Up to 350,000 non-Ir­ish here - 25pc above CSO fig­ures

Irish Independent - - Business - Bren­dan Keenan

THERE are prob­a­bly up to 350,000 for­eign­ers liv­ing in Ire­land, a se­nior statis­ti­cian said yes­ter­day — 25pc more than show up in sur­veys by the Cen­tral Sta­tis­tics Of­fice.

CSO di­rec­tor Bill Keat­ing was pre­sent­ing labour force fig­ures for July-Septem­ber, which showed 83,500 more peo­ple were em­ployed than the same time last year.

About half the new jobs went to im­mi­grants, with an es­ti­mated 48,000 find­ing work over the year. Mr Keat­ing said the quar­terly sur­vey of 40,000 house­holds may un­der­state the num­ber of for­eign­ers in the coun­try.

“While the over­all re­sponse to the sur­vey is about 90pc, we feel it is sig­nif­i­cantly less for im­mi­grants.

“We must wait for the 2006 cen­sus, but our best es­ti­mate is that the num­ber of non-na­tion­als may be 300,000-350,000, rather the 280,000 recorded in the sur­vey,” he said.

De­spite the huge num­ber of im­mi­grants, the labour force is ex­pand­ing at the same rate, as em­ploy­ment grows rapidly in build­ing, health­care and the pub­lic ser­vice sec­tors.

The labour force grew by al­most 92,000, push­ing the un­em­ploy­ment rate up slightly from 4.4pc to 4.5pc.

Build­ing and health­care ac­counted for more than half the new jobs, with the work­force in both in­creas­ing by about a tenth.


A quar­ter of the 19,000 ex­tra jobs in health were part-time, and many seem to be in ar­eas like care as­sis­tance.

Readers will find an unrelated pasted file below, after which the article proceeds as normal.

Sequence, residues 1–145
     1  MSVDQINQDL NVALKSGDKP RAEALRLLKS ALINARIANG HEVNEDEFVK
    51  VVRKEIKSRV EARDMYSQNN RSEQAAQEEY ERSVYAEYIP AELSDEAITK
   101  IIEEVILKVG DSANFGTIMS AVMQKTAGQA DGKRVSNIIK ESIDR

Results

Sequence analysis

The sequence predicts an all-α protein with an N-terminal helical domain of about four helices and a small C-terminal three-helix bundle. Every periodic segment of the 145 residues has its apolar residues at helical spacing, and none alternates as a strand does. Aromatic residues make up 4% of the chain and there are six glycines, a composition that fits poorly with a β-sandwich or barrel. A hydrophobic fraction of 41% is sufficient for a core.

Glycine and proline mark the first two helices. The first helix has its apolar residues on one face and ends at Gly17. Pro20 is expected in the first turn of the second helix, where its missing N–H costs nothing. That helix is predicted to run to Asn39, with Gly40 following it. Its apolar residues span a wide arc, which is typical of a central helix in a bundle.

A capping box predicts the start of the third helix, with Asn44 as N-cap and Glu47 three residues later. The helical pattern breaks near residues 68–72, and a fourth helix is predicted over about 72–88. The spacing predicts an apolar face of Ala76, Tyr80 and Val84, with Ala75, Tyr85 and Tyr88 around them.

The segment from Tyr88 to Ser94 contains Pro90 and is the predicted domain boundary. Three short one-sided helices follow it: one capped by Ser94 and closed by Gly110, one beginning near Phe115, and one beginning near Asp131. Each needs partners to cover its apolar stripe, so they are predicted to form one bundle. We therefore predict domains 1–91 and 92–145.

De­spite slow­down num­bers in­creased by now ac­count pre­dic­tions of a in con­struc­tion,

em­ployed over 10pc and for more than 13pc of to­tal em­ploy­ment. An­a­lysts said that, while house-build­ing may have peaked, non-res­i­den­tial con­struc­tion is strong, led by gov­ern­ment in­vest­ment.

Ex­clud­ing health, pub­lic sec­tor em­ploy­ment also grew strongly, with pub­lic ad­min­is­tra­tion jobs up 4.8pc and ed­u­ca­tion by 3.3pc in the twelve months.

Whole­sale and re­tail firms added an ex­tra 3.9pc to their work­force, with the num­ber of im­mi­grants em­ployed in re­tail in­creas­ing by al­most a third over the past year.

How­ever, an­a­lysts noted that the pace of job cre­ation may be slow­ing. “The twelve-month in­crease of 4.2pc was down from 4.6pc in the sec­ond quar­ter and the slow­est ex­pan­sion in more than a year,” said Davy Stock­bro­kers econ­o­mist Rossa White. “Private ser­vices em­ploy­ment was up only 0.2pc in the quar­ter.”

“Un­em­ploy­ment did tick up,” said Der­mot O’Leary of Good­body Stock­bro­kers. “Most of this was due to non-Ir­ish na­tion­als, whose un­em­ploy­ment rate rose from 4.6pc to 5.6pc, while the rate for Ir­ish-born peo­ple was steady at 2.8pc.

“But even ex­clud­ing con­struc­tion and health, other em­ploy­ment in­creased by an im­pres­sive 3.4pc.”

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